On November 5 in Edenbridge, U.K., a 30-foot-tall model of Lance Armstrong was burned to celebrate Guy Fawkes’ failed plot to blow up the Parliament. The giant Armstrong likeness held a Tour de France cup in one hand and a sign in the other, which read, “For sale, racing bike, no longer required.” Prior to this bonfire, a host of corporations paid Armstrong millions of dollars for an image, not an effigy.
Those sponsors have now dropped Armstrong since a U.S. Anti-Doping Agency (USADA) investigation — which ultimately led to a lifetime ban — concluded that the cyclist took performance-enhancing drugs during his run of seven consecutive first-place finishes in the Tour de France.
The endorsement deals that paid Armstrong an estimated $15 million to $20 million in 2012 will pay him nearly zero in 2013. Yet, Armstrong is likely to retain the earnings he has already made under those endorsement deals. By thinking through how a particular celebrity’s image serves the needs of the company, companies contemplating endorsement deals can avoid the fate of the companies that put stock in Armstrong and possibly even recover funds should their celebrity endorser similarly breach the endorsement deal.
Arguably, Armstrong’s conduct provides for a cause of action for fraudulent inducement. Companies choose particular celebrities to endorse particular products because the celebrity projects an image, idea, or concept that the company wants consumers to associate with a product. In Armstrong’s case, the idea was hard work, perseverance and overcoming the odds. Using performance-enhancing drugs is the polar opposite of those ideas and his purchased reputation. Furthermore, if the allegations are true, Armstrong was aware of his doping at the time he signed his endorsement deals. Therefore, in a sense, Armstrong induced these companies to buy into a concept of himself that he knew was false. Nonetheless, it is unlikely that any endorsement contract was explicitly based upon the ideals Armstrong’s public image conveyed. In addition, the litigation involved would certainly be expensive, and companies normally are hesitant to expose the exact terms of their endorsement deals through public exposure in the courts. As a result, the companies involved are unlikely to undertake litigation against Armstrong for fraudulent inducement.
So, short of a fraudulent inducement action, how can companies protect themselves when entering into endorsement deals? One way companies try to protect themselves is through “morals clauses.” These clauses, which are commonplace in today’s endorsement deals, allow the company to terminate the contract if the celebrity engages in conduct that is criminal or morally reprehensible. For example, a contract may provide for termination if the endorser engages in conduct that “will bring him into public hatred, public disrepute, contempt, scorn, or ridicule.” Nevertheless, these clauses are too often ineffective or even counterproductive when it comes to protecting the investment of the company involved in the endorsement deal.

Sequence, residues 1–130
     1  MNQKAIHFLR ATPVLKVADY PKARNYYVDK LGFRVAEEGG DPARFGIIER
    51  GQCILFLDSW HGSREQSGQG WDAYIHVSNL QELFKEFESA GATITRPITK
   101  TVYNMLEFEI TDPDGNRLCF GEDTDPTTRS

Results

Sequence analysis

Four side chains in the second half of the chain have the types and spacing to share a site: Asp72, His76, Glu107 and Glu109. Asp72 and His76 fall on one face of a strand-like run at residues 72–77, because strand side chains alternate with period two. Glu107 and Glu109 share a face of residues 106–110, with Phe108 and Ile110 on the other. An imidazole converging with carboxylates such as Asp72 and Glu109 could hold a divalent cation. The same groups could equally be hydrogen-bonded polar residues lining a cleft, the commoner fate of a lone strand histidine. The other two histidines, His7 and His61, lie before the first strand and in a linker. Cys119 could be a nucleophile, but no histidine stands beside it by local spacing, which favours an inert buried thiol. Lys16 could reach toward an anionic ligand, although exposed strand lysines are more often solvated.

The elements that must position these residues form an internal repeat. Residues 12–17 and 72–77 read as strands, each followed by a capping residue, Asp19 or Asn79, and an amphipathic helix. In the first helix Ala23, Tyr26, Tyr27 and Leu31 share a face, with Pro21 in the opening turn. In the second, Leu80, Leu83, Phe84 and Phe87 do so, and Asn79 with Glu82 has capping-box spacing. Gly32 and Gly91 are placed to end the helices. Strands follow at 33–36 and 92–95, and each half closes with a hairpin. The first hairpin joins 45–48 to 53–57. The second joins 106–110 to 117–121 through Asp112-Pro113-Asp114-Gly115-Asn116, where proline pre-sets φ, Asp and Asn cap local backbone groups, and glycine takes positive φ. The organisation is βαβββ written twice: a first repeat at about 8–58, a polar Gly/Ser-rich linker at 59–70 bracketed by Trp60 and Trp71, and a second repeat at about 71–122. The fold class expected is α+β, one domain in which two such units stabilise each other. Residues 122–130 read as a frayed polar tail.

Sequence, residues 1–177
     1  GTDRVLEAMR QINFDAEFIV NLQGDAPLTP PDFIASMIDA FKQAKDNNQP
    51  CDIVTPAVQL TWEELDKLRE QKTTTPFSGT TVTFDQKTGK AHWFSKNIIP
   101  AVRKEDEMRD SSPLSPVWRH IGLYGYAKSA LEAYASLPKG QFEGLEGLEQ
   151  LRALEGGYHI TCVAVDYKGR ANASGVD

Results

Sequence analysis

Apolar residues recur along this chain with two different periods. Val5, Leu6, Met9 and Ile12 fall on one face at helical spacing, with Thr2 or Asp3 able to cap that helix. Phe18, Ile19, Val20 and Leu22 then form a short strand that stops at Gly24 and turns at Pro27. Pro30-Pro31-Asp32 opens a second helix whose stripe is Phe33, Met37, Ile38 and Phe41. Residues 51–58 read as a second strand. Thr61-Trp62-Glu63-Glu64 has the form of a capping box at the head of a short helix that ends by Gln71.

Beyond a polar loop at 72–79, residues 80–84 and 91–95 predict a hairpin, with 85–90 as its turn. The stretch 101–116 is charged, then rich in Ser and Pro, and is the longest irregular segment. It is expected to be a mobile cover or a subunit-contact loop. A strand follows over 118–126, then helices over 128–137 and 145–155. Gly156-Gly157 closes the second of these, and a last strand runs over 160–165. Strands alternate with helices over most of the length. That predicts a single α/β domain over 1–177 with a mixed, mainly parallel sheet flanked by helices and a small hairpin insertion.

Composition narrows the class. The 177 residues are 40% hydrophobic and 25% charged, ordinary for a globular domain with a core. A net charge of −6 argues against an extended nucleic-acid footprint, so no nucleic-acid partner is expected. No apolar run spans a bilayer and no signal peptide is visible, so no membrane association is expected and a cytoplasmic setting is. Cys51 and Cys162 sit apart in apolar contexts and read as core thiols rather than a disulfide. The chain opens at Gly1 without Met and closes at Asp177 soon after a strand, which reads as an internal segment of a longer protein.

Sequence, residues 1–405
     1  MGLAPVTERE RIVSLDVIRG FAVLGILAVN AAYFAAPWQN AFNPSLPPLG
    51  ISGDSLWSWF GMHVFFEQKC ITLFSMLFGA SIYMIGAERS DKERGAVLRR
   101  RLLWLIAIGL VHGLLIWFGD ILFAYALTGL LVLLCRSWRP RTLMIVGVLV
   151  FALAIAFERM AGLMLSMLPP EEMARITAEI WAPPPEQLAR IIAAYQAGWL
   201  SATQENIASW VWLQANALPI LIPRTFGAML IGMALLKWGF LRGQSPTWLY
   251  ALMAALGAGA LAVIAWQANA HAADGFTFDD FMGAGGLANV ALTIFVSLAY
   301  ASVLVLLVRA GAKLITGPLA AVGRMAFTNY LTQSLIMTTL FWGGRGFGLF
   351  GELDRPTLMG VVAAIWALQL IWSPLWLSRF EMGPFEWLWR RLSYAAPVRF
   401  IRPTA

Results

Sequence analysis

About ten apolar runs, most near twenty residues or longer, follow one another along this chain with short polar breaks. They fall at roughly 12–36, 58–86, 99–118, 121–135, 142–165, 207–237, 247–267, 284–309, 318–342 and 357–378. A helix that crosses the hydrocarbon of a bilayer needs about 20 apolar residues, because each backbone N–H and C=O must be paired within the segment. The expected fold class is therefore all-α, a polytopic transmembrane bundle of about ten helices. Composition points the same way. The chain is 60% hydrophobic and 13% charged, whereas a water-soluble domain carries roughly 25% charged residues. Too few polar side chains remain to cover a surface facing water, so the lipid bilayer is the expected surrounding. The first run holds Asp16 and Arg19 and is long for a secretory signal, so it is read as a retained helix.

One problem with these clauses — as evident from the above example — is that they are often extremely broad and vague. At their broadest, they may simply provide for termination if the celebrity engages in any activity that negatively affects his or her image or brings the reputation of the company into disrepute. While companies may believe that such broad clauses will give them an “easy out,” they can actually lead to additional litigation. For example, Pittsburgh Steelers running back Rashard Mendenhall recently sued Hanesbrands Inc. after the clothing company terminated its contract with Mendenhall over controversial comments he made on Twitter. Mendenhall argued that the morals clause was subject to the implied covenant of good faith and fair dealing, and therefore, his termination was proper only if his comments actually brought him into public disrepute and not just because the company disagreed with those comments. Similar cases essentially turn whether termination was proper into an intense factual inquiry that can cost a company dearly in litigation expenses.
Second, morals clauses normally provide for contract termination, but do not provide for the recovery of any money already paid in the deal. Consequently, a company is simply left to cut its losses when a personality violates any morals clause. To some extent, these two things go hand in hand. Athletes understandably would be hesitant to sign a contract that requires them to pay back money upon the violation of an ill-defined morals clause that largely leaves termination to the discretion of the company.